- The TNC does not restrict the TNC driver from engaging in any other occupation or business.
- The TNC and TNC driver agree in writing that the TNC driver is an independent contractor with respect to the TNC.
REQUIREMENTS FOR THE DRIVERS. Some protection for the consumer form bad drivers, but also protection for the company from liability. This means that if the investigation was not correct, the company can be liable for the full extent of the damages. Here’s the law:
Fla. Stat. Sec. 627.748 (12): TRANSPORTATION NETWORK COMPANY DRIVER REQUIREMENTS.
Before an individual is authorized to accept a ride request through a digital network:
- The individual must submit an application to the TNC which includes information regarding his or her address, age, driver license, motor vehicle registration, and other information required by the TNC;
- The TNC must conduct, or have a third party conduct, a local and national criminal background check that includes:
- A search of the Multi-State/Multi-Jurisdiction Criminal Records Locator or other similar commercial nationwide database with validation of any records through primary source search; and
- A search of the National Sex Offender Public Website maintained by the United States Department of Justice; and
- The TNC must obtain and review, or have a third party obtain and review, a driving history research report for the applicant.
The TNC shall conduct the background check required under paragraph (a) for a TNC driver every 3 years.
The TNC may not authorize an individual to act as a TNC driver on its digital network if the driving history research report conducted when the individual first seeks access to the digital network reveals that the individual has had more than three moving violations in the prior 3-year period.
The TNC may not authorize an individual to act as a TNC driver on its digital network if the background check conducted when the individual first seeks access to the digital network or any subsequent background check required under paragraph (b) reveals that the individual:
- Has been convicted, within the past 5 years, of:
- A felony;
- A misdemeanor for driving under the influence of drugs or alcohol, for reckless driving, for hit and run, or for fleeing or attempting to elude a law enforcement officer; or
- A misdemeanor for a violent offense or sexual battery, or a crime of lewdness or indecent exposure under chapter 800;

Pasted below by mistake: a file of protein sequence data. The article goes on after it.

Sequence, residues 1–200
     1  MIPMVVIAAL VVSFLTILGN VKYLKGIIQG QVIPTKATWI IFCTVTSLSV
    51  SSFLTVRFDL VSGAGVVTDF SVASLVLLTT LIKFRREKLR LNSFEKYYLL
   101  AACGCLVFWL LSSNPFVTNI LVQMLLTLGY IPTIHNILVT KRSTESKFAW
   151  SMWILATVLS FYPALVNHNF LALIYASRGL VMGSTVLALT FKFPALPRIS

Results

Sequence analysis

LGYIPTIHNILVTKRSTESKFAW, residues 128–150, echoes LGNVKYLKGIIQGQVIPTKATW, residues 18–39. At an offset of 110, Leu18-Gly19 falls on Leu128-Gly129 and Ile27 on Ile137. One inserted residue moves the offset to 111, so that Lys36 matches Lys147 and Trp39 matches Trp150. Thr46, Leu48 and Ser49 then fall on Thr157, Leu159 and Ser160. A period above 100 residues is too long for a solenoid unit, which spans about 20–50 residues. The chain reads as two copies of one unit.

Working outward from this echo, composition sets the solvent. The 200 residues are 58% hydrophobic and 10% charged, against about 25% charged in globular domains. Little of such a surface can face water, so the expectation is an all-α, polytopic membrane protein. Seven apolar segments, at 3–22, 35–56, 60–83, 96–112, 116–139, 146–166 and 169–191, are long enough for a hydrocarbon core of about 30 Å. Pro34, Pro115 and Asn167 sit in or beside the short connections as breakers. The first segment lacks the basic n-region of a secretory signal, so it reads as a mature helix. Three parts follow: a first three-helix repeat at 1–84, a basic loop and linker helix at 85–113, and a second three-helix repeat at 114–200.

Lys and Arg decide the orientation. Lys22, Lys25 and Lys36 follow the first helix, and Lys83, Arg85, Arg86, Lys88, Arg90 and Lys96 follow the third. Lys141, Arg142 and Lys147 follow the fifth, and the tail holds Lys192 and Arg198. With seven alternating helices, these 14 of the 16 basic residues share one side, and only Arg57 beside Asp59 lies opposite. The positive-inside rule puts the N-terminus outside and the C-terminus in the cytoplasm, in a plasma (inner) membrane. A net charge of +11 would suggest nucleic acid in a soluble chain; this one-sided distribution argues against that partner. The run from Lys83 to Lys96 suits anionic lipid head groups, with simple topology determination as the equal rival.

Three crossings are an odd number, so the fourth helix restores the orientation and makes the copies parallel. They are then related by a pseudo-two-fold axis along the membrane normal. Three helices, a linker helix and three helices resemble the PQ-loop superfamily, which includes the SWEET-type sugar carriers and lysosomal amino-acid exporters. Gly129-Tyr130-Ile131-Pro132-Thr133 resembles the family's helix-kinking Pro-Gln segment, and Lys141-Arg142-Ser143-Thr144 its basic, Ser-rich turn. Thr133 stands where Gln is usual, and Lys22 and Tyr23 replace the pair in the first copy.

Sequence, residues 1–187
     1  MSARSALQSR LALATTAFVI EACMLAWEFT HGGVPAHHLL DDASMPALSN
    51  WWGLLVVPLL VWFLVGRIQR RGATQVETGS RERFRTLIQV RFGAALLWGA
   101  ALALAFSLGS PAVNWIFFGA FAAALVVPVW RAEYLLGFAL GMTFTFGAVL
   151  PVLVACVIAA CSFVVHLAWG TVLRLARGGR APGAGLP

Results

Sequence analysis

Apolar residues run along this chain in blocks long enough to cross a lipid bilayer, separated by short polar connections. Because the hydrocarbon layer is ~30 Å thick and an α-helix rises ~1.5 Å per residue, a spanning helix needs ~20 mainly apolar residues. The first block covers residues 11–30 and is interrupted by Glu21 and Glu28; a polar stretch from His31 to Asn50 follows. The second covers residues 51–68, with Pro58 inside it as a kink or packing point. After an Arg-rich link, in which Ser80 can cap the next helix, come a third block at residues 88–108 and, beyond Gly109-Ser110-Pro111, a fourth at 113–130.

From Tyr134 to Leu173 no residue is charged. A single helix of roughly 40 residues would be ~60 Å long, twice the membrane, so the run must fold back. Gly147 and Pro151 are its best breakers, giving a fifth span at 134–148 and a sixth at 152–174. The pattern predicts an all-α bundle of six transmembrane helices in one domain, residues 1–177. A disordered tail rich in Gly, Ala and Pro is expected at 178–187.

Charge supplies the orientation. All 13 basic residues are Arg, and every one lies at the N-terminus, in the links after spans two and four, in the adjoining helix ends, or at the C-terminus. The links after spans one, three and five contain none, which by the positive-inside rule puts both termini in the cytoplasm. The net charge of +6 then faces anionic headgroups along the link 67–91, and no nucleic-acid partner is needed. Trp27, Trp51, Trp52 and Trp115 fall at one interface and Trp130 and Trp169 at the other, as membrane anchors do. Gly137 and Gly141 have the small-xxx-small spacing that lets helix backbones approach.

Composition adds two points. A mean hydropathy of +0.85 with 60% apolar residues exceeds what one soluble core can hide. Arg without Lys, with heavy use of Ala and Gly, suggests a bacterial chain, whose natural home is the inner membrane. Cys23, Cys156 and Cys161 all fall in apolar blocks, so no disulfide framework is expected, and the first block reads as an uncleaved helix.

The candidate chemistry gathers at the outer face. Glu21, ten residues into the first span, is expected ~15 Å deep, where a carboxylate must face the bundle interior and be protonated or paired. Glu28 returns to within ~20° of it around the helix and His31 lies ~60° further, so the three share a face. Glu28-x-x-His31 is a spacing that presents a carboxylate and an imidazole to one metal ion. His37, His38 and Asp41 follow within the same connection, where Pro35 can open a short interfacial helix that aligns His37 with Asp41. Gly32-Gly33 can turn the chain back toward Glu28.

- Has been convicted, within the past 3 years, of driving with a suspended or revoked license;
- Is a match in the National Sex Offender Public Website maintained by the United States Department of Justice;
- Does not possess a valid driver license; or
- Does not possess proof of registration for the motor vehicle used to provide prearranged rides.
FINAL PROTECTION FOR THE COMPANY. No vicarious liability – that is, the company is NOT responsible for the actions of the driver. The company is not responsible if the driver does not commit a crime, if the company investigates the driver as required and keeps the records as required and the company does not own or possess the vehicle.
Fla. Stat. Sec. 627.748 (18)
- (a) A TNC is not liable under general law by reason of owning, operating, or maintaining the digital network accessed by a TNC driver or rider, or by being the TNC affiliated with a TNC driver, for harm to persons or property which results or arises out of the use, operation, or possession of a motor vehicle operating as a TNC vehicle while the driver is logged on to the digital network if:
- There is no negligence under this section or criminal wrongdoing under the federal or Florida criminal code on the part of the TNC;
- The TNC has fulfilled all of its obligations under this section with respect to the TNC driver; and
- The TNC is not the owner or bailee of the motor vehicle that caused harm to persons or property.
- (b) This subsection does not alter or reduce the coverage or policy limits of the insurance requirements under subsection (7) or the liability of any person other than the vicarious liability of a TNC as described in paragraph (a).